Posted on: June 1, 2021, 10:48h.
Last updated on: June 1, 2021, 11:42h.
The Nevada Gaming Commission has amended its regulations to require the state to establish and maintain a self-exclusion list for internet gaming sites.
Earlier this month, the NGC approved changes to Regulation 5A, which covers online gambling. The commission backed requiring the Nevada Gaming Control Board (NGCB) to create and manage a state-wide list of individuals who want to opt-out from having access to interactive online gaming.
The Board shall update the state-wide list of individuals who have self-excluded each day and provide operators with access to the list,” the NGC declared.
The self-exclusion list for iGaming only prevents a person who added their name to the directory from accessing online sites. It would not prohibit that individual from entering a land-based casino and gambling.
For now, the self-exclusion iGaming list will primarily deal with online poker. Nevada currently limits online gambling to peer-to-peer poker games, the poker pools including players from inside the state, as well as in New Jersey and Delaware. Technical details are presently being finalized for the online gaming self-exclusion process.
The Nevada Gaming Commission’s actions regarding the implementation of a self-exclusion list for online gambling sites is in anticipation of the state reviewing whether other forms of iGaming should be authorized.
Last month, the NGCB announced plans to hold a workshop to discuss whether Nevada should join a handful of other states in legalizing full-scale online casinos with interactive slot machines and table games. Only Delaware, Michigan, New Jersey, Pennsylvania, and West Virginia currently have such legal iGaming.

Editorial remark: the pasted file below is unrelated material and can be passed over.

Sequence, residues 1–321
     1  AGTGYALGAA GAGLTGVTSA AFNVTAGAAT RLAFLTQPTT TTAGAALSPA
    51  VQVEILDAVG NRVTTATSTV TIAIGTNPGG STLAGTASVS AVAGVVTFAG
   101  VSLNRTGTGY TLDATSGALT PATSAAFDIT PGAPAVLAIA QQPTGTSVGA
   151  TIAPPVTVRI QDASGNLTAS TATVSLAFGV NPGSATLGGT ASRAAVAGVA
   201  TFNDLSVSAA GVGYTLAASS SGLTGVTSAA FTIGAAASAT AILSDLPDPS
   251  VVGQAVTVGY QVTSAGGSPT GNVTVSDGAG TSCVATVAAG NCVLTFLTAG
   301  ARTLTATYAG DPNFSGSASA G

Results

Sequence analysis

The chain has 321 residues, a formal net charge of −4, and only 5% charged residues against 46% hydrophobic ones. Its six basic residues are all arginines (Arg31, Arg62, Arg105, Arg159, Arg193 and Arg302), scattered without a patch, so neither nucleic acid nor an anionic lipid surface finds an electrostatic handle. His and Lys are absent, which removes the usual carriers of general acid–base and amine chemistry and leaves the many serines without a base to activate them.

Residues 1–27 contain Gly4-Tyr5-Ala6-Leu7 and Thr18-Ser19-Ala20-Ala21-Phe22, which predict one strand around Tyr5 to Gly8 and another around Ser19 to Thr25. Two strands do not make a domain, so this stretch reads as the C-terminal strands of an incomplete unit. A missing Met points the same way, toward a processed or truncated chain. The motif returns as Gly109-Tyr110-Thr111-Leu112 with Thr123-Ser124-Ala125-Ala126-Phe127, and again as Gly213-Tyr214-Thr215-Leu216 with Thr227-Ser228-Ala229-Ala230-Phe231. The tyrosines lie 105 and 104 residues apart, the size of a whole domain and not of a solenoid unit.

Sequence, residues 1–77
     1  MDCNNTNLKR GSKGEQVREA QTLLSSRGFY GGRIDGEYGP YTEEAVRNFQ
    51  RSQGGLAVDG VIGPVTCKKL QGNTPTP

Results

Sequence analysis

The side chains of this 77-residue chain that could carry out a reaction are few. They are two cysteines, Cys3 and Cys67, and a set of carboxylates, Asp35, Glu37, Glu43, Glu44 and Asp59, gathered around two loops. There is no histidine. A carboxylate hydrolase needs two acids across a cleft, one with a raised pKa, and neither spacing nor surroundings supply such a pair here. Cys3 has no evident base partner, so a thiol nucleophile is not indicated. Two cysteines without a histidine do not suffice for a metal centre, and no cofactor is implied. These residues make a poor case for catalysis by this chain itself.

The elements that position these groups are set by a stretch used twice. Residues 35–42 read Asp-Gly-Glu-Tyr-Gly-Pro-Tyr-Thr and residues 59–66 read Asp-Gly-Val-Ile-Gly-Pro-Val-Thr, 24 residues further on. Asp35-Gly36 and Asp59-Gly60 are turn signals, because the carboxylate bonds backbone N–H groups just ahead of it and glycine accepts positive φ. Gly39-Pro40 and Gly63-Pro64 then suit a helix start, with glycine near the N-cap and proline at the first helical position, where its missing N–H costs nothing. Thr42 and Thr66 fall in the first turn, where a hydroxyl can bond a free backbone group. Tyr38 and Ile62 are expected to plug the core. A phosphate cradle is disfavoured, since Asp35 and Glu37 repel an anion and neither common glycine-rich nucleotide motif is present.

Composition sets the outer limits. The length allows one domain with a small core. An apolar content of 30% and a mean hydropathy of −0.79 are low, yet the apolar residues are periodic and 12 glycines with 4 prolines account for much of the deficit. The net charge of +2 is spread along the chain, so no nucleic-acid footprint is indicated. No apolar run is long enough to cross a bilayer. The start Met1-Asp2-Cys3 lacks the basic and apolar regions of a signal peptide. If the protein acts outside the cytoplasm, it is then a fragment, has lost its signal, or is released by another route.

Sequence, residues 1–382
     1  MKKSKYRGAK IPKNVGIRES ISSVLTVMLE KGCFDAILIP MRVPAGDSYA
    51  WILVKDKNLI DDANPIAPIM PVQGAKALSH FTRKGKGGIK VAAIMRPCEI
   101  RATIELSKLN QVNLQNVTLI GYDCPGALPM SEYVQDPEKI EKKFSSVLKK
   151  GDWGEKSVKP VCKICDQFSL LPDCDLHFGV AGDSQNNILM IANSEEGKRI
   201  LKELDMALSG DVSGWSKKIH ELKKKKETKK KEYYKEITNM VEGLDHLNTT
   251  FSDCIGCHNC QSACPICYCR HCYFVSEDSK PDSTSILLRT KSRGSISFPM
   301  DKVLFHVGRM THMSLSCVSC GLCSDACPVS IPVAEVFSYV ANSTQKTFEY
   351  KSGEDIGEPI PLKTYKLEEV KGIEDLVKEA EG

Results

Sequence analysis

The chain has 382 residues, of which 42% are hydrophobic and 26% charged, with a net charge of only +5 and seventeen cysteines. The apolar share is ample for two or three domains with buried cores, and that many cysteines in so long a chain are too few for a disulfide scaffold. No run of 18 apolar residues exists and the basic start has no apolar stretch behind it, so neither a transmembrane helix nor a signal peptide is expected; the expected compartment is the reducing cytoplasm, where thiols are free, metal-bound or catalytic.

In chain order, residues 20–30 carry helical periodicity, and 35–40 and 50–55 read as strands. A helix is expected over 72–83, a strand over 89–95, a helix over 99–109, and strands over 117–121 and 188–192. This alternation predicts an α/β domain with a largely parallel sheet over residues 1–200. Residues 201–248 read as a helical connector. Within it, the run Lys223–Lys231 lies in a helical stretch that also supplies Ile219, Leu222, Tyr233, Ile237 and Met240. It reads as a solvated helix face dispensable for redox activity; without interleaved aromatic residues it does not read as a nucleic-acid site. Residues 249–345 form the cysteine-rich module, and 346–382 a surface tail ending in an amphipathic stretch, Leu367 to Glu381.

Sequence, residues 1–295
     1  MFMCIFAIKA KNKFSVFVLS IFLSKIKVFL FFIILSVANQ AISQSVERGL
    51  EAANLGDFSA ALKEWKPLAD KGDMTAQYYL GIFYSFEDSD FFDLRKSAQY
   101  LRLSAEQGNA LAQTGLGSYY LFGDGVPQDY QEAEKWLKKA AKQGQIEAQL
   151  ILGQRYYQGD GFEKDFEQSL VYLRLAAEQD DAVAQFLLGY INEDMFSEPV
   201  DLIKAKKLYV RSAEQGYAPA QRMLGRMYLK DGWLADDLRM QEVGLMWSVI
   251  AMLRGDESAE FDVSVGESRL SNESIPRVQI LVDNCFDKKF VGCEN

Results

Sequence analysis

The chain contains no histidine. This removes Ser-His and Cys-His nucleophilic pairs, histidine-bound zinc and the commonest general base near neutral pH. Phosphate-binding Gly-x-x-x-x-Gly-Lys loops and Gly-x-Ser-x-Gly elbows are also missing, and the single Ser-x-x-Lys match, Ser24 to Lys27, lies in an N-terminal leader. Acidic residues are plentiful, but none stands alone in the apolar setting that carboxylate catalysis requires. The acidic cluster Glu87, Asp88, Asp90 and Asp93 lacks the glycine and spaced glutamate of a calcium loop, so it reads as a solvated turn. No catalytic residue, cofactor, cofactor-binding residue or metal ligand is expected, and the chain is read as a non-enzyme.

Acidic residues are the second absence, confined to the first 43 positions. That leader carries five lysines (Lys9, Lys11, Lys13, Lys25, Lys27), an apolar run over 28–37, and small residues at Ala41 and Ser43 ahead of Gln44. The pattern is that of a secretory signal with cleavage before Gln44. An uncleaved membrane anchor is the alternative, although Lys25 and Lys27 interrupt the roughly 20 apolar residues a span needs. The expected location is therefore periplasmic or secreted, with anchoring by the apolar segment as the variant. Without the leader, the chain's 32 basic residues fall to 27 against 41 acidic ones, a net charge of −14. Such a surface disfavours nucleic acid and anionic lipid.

The NGCB says the meeting will additionally review if Nevada should terminate the current mandate of requiring sports bettors to create their mobile wagering account in person.
The Control Board, which the NGC oversees, will host the discussion once the Nevada Legislature concludes its 2021 session later this month.
The importance of online gaming for casinos was made evident during the 2020 pandemic. The American Gaming Association reports that land-based commercial casinos missed out on 45,600 operating days last year because of state-ordered shutdowns.
The Las Vegas Review-Journal caught up with Alan Feldman, a distinguished fellow at UNLV’s International Gaming Institute, who revealed that there’s no evidence that self-exclusion lists lead to reduced occurrences of problem gaming. However, they can play a critical role in assisting those who want help.
“The act of signing up for it is a very validating and affirming action because it is now that moment where you’ve said, ‘I need to do something,’ and that often is a critical moment in a problem gambler’s journey,” Feldman explained. “Does it actually do anything for them? Do they have a better outcome? Not really, but I wouldn’t throw it all away because of that.”
Those who do self-exclude from iGaming can regain interactive gaming access by completing a form requesting their removal. However, that can only take place 30 or more days after the individual initially self-excluded.